She has also made a hush-hush cameo on the wildly popular French primetime soap opera "Plus Belle la Vie." The episode, in which Henin plays herself, is scheduled to air the week after next. Once private and reserved, Henin became noticeably more comfortable in the spotlight during the last year of her playing career and has continued in that vein while exploring various post-tennis options.
Martina Navratilova has also been part of the reality TV brigade, most famously for her 2008 participation in ITV's Survivor-esque "I'm a Celebrity Get Me Out of Here!" Contestants lived on a diet of rice and beans in the Australian outback and endured such trials as having insects poured over themselves. Navratilova was unfazed. "It was like a tickling massage," she said later. "It didn't hurt, until one bit me on the nose. But it was just mind over matter."
The 22-time Slam champ became one of the audience's favorite contestants and went all the way to the final.
Even reigning U.S. and Australian Open champion Serena Williams has been dipping her toe into the water again. After a brief pause in her various television forays over the years -- she and sister Venus even had their own reality show on ABC Family in 2005 -- Serena appeared on an episode of the CBS game show "Million Dollar Password" early this year.
Maria Sharapova is taking things a step further, exploring a role as an executive producer on a tennis-themed show on MTV.
It was Monica Seles who kicked off this trend among her fellow former WTA No. 1s, officially marking her retirement by appearing in ABC's "Dancing with the Stars" last year. She did not survive the first cut but observes in her newly released autobiography that the experience did help her realize her binge-eating days were over. "I cried but I did not go back to my old habits," she said.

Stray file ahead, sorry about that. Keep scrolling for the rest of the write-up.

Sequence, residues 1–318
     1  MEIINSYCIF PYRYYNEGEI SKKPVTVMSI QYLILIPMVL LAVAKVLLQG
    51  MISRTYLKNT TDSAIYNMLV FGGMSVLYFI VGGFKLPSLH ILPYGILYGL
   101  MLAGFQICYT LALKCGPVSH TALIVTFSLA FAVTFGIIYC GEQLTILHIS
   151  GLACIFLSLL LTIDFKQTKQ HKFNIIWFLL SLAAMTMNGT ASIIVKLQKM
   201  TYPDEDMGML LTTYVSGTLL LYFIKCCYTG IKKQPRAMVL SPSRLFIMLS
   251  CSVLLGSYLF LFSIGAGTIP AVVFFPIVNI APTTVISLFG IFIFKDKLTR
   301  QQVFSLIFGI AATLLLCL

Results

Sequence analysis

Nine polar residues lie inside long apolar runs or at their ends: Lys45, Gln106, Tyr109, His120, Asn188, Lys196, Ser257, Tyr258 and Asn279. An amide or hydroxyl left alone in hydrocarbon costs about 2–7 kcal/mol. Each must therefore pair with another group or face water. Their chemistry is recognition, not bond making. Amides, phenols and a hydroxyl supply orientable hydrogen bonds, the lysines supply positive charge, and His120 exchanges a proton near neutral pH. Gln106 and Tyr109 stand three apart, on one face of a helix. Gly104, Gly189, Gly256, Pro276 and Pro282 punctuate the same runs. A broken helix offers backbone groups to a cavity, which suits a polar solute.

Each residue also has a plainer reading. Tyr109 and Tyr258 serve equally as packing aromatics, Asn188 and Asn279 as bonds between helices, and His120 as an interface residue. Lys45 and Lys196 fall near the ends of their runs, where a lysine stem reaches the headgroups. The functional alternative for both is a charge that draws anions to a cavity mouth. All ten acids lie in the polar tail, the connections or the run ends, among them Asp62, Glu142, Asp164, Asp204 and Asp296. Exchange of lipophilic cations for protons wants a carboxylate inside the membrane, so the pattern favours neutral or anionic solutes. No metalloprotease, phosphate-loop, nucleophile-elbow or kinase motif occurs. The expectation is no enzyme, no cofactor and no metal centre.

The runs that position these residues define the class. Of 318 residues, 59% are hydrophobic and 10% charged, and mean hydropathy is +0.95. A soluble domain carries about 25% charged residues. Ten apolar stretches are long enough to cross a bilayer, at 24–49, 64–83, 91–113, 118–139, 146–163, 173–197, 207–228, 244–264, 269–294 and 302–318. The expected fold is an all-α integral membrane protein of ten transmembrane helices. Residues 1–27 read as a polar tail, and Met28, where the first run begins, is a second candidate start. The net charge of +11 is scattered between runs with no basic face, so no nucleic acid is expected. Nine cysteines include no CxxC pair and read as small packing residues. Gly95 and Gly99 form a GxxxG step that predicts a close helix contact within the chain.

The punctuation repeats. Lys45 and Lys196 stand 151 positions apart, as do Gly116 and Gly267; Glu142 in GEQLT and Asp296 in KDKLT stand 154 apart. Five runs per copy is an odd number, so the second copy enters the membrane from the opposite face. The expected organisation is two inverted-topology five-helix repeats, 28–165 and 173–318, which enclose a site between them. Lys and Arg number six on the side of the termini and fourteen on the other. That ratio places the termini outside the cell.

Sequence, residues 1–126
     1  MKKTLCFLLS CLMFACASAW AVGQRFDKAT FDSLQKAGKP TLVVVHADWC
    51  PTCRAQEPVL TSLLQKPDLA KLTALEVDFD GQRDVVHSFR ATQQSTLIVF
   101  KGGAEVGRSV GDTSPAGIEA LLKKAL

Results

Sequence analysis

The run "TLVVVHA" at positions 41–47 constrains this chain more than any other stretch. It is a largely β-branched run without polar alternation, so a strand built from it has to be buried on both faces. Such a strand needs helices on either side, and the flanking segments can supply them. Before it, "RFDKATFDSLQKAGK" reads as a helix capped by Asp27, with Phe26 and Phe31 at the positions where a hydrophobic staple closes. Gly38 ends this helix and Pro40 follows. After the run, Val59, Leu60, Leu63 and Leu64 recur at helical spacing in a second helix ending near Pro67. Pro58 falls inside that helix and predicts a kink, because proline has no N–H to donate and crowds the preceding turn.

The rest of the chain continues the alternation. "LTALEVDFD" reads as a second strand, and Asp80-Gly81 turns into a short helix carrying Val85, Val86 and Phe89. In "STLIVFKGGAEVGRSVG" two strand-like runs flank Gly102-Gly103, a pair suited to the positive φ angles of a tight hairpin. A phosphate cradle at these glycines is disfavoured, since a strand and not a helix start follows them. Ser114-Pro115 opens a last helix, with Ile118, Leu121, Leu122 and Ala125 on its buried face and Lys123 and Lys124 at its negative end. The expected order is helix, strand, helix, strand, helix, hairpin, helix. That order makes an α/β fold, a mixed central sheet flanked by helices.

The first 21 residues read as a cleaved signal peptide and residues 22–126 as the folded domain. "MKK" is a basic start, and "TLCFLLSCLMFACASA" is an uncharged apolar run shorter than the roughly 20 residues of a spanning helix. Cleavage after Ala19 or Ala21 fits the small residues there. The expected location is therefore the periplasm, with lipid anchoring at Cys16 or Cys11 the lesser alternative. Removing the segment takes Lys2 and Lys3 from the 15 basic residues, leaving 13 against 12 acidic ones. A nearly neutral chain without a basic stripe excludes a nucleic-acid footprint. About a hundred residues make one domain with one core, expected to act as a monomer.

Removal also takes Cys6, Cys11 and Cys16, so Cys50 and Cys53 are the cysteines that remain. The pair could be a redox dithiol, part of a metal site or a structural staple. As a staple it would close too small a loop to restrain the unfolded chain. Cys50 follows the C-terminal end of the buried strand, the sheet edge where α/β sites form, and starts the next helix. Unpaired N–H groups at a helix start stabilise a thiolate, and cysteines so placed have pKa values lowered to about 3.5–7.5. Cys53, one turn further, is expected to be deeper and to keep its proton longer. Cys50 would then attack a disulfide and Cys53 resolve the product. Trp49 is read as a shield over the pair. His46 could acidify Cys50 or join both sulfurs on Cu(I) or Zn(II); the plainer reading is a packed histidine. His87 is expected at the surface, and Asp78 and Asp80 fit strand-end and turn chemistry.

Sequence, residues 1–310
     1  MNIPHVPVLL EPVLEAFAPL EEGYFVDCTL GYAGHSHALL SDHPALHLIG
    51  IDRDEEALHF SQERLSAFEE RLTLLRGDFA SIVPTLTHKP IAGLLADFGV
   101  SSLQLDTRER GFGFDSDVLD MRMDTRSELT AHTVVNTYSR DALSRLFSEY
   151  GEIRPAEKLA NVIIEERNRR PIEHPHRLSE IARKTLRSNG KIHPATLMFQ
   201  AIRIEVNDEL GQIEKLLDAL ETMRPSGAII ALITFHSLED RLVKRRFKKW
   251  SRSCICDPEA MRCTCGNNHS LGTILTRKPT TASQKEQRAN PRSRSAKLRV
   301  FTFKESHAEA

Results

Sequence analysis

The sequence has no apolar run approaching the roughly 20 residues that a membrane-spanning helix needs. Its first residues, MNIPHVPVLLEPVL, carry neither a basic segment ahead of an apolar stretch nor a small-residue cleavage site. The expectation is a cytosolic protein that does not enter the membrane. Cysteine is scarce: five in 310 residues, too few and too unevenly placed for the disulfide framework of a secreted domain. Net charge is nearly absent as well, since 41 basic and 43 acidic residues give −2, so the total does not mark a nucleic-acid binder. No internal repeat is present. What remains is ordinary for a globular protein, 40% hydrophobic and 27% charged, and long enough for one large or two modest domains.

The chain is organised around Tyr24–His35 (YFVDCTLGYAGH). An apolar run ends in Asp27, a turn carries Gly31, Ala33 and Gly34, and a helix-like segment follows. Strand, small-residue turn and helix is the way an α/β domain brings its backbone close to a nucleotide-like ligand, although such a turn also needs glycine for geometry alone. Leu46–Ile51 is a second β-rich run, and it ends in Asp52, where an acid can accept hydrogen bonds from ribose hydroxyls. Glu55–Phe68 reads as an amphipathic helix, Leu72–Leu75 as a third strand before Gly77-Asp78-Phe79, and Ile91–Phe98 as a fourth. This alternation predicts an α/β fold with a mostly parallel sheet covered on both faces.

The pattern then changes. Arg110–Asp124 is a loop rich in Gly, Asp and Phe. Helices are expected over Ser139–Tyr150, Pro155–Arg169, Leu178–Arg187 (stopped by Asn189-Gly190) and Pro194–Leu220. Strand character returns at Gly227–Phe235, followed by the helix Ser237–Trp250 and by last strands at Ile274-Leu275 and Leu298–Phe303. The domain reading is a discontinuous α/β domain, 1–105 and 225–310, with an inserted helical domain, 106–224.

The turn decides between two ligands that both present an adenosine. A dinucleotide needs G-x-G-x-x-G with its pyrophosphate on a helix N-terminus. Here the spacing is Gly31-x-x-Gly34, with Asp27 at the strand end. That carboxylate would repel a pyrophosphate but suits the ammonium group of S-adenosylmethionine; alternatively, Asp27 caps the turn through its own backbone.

But Seles was not the first tennis player to take a turn on the dance floor -- Alicia Molik and Todd Woodbridge have both participated in the Australian version of the show. Both only made it through a few rounds, indicating that the footwork required on a tennis court does not translate well to the ballroom. Still, Lleyton Hewitt's wife, Bec, an actress, won the first edition of the competition shortly before linking up with Hewitt.
The most notorious chapter in this series remains Mark Philippoussis as the star of NBC's Bachelor-esque "Age of Love." Philippoussis, who did not know the premise of the show when he signed up, had to chose one woman out of a group of 20-somethings or a group of 40-somethings. Soon after, he hurt his knee during the Hopman Cup competition and has not played on the ATP Tour since.
A couple of former ATP pros have kept their recent reality cameos more circumspect. Jan-Michael Gambill made an appearance on VH1's "Tough Love," and the voice of Justin Gimelstob (who considers himself lucky to have been beaten out by Philippoussis for the "Age of Love" slot) was featured in a scene on Bravo's "The Real Housewives of New York City."
Can more players be far behind? All pros have to hang up their rackets some time, but not all, it seems, are ready to stop performing.
Kamakshi Tandon is a freelance tennis writer for ESPN.com.